Over the weekend, I was shopping in a popular high street store when I was asked for my email address to receive a receipt. Slightly taken aback, I declined and asked for a paper receipt instead. My decision was based largely on my desire to save time — if I gave out my email address, I would have had to spend time unsubscribing from emails later on. However, this decision also reflected something else: My personal information is valuable to me, and the fact that I like your jeans doesn’t necessarily mean I trust you with my data.
A day later, I was shopping again, this time on a handbag retailer’s online store. When I reached the checkout, I glanced up and noticed a warning in my browser’s web address bar. There was no lock symbol, meaning that my connection was not secure. I was in no particular hurry, so I went back to my search engine, found the store website again and finished my transaction when I was satisfied the connection was safe. However, if I had been busier, this could have meant a lost sale for the retailer.
Rising Consumer Expectations Around Data Security
My recent shopping experiences demonstrate a growing trend: Consumers are becoming more security-savvy and realizing that their data is valuable and needs protection, particularly due to recent news headlines detailing high-profile data breaches and emerging cybercrime trends. This means that retailers, in particular, need to up their data security game, especially given the perception that these companies are less secure than organizations in other sectors. According to IBM Security’s “Future of Identity Study,” only 19 percent of U.S. consumers, 23 percent of consumers in the European Union (EU) and 28 percent of consumers in Asia-Pacific (APAC) would trust a retail organization to protect their biometric data. A much larger portion of respondents — 42 percent, 44 percent and 57 percent in the U.S., EU and APAC, respectively — said they would trust financial institutions to properly house this data.
It’s possible that working in the security industry has made me particularly security-conscious and general consumers are less concerned with their online security, but the evidence suggests otherwise. The “Future of Identity” study noted that, of the respondents who said they had heard about a data breach, millennials were more likely than other generations to delete an account held by a breached service provider. In addition, 25 percent of millennials, as opposed to 21 percent of the general population, said they would stop using an app or service that had been compromised. This suggests that younger buyers are more concerned about data security — and more willing to take their business elsewhere if security expectations are not met.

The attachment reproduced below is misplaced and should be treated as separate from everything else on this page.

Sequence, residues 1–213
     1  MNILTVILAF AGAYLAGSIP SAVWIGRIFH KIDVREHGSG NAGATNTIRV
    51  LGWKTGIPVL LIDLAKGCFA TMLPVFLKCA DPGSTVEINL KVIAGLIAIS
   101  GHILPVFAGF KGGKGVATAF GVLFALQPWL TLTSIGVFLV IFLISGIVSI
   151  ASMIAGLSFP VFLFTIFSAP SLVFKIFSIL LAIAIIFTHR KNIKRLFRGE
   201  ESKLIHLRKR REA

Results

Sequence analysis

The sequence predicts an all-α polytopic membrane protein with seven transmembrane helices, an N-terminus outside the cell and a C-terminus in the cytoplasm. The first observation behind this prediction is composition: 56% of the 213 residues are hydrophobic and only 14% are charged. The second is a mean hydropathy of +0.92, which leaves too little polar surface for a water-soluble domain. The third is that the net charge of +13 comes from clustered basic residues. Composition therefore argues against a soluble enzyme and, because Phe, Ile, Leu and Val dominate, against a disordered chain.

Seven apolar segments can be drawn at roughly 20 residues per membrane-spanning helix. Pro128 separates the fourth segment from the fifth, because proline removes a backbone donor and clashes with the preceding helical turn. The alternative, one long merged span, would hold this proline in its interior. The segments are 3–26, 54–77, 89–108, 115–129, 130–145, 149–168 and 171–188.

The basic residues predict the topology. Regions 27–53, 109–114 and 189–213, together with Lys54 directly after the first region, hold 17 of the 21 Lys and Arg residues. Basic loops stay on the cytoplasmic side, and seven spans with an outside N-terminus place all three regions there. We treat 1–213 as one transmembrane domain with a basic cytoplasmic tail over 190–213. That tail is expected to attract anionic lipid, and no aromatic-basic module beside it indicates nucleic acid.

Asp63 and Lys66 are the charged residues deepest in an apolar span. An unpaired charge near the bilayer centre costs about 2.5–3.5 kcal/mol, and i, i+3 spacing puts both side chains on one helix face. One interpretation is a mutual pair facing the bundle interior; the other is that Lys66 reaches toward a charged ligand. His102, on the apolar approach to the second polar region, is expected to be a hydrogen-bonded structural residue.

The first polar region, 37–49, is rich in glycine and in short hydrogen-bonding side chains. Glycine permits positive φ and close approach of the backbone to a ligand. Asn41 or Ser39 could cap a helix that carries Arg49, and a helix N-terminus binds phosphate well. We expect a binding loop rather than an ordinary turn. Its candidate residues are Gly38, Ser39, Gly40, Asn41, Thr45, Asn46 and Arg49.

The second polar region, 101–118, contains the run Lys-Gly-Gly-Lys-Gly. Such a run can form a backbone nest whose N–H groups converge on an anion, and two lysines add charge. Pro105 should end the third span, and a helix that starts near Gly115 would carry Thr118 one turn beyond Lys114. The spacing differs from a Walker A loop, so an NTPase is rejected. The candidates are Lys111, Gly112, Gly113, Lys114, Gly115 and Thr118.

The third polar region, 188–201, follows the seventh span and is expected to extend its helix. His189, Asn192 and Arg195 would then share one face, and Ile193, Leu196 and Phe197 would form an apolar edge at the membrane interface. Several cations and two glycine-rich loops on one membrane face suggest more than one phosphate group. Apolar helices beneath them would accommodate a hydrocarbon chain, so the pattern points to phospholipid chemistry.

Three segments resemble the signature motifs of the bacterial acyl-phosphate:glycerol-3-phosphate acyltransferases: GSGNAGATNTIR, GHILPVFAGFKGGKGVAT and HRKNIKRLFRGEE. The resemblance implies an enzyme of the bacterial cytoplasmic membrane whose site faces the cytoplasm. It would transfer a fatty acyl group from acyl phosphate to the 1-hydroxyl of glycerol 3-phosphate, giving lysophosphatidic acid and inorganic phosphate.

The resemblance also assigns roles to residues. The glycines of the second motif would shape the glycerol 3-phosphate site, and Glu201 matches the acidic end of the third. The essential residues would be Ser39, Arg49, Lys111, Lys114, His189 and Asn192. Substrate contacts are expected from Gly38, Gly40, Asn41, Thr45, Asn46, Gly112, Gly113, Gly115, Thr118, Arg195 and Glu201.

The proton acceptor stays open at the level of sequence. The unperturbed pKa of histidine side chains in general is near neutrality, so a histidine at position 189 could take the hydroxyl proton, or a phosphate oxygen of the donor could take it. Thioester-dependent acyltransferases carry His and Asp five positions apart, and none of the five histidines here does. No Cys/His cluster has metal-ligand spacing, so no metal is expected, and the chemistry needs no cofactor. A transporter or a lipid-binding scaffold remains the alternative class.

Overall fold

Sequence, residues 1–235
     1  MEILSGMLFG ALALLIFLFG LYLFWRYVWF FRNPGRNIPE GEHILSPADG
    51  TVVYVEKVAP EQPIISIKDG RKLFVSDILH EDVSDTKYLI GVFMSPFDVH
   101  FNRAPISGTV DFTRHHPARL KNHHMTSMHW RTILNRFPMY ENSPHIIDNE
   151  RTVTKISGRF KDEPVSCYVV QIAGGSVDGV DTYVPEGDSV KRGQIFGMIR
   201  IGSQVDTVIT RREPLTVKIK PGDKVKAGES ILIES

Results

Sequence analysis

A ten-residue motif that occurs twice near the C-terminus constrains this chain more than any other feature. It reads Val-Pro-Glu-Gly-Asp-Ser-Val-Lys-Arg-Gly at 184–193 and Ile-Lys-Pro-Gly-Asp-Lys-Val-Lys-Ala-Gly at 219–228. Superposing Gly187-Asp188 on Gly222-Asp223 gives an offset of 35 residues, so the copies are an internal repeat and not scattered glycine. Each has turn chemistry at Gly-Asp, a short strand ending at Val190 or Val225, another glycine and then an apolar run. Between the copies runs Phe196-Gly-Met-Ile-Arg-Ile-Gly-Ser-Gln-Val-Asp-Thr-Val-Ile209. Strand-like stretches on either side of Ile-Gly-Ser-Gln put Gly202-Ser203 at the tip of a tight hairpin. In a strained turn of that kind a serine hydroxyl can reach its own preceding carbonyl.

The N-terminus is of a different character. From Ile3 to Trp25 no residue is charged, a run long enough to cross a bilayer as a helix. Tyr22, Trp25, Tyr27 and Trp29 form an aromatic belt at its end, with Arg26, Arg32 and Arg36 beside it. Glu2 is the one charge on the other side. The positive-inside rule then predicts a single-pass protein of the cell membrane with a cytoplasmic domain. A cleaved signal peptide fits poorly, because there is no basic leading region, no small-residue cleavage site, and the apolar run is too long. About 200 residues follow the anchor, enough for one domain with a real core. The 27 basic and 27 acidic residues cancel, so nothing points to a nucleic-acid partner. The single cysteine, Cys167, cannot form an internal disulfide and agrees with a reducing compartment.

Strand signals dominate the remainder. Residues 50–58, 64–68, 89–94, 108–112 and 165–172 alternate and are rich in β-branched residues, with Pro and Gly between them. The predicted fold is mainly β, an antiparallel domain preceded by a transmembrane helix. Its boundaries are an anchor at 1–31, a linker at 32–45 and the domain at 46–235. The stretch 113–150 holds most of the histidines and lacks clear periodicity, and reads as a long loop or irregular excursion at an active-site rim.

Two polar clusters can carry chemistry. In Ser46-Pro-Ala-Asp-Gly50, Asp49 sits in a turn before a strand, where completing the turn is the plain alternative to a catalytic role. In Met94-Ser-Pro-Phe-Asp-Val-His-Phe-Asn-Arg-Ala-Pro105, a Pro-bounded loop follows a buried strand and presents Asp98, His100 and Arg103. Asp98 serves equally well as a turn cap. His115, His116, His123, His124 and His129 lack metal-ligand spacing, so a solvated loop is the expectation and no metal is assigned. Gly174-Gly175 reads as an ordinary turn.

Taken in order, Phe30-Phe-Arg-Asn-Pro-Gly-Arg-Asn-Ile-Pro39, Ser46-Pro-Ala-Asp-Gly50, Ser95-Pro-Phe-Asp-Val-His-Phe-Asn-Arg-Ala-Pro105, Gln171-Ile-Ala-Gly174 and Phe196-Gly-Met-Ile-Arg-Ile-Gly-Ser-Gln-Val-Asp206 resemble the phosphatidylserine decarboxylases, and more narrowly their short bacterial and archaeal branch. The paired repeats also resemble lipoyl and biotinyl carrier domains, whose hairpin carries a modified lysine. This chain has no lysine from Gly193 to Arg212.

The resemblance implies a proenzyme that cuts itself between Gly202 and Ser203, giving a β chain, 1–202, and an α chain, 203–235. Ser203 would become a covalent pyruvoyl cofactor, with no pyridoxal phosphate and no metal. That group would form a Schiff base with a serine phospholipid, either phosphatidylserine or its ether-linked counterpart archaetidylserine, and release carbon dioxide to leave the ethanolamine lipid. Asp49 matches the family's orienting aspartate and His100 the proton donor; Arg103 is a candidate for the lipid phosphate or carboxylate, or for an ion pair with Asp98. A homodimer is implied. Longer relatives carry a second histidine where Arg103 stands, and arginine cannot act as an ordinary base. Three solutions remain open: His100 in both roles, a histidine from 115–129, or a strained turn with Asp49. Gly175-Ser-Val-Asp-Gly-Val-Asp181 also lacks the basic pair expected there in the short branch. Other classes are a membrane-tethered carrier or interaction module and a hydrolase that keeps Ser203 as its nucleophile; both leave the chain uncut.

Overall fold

The Risk of Reusing Passwords
Apart from age and the industry I work in, there is another factor that makes me more security-conscious than before: I have personally experienced the frustration of having an account compromised. A few months ago, I was getting on a train when I tried to open a music streaming service for which I pay monthly and discovered that I was unable to log in. After a couple of minutes of investigation, I opened my email inbox and found a message from the provider thanking me for changing my email address and password. Someone had taken over my account.
Though this provider hadn’t suffered a known data breach, it’s easy to see how my email address and password combination, which I unwisely used on multiple sites, could have been leaked elsewhere — a quick online search revealed that my email address had potentially been exposed in at least four data breaches. I was able to retrieve my account within a couple of hours thanks to the customer service team, but this experience made me even warier of giving out my personal data.
My experience is far from unique, and it is becoming more common. The “Future of Identity Study” revealed that 41 percent of millennials reuse passwords to access numerous accounts, meaning that one compromised password could give malicious actors access to multiple accounts. Consumers who have experienced this type of fraud are more likely to think carefully about the security of their personal data.
Data Security Is Key to the Customer Experience
Retailers can use data to create a simpler, more personalized customer experience, but they also need to protect this data to earn the trust of consumers. If they don’t, they risk missing out on would-be customers who wonder whether this enhanced user experience is really worth downloading a potentially insecure app, signing up for a new account or allowing the company to track everything they buy.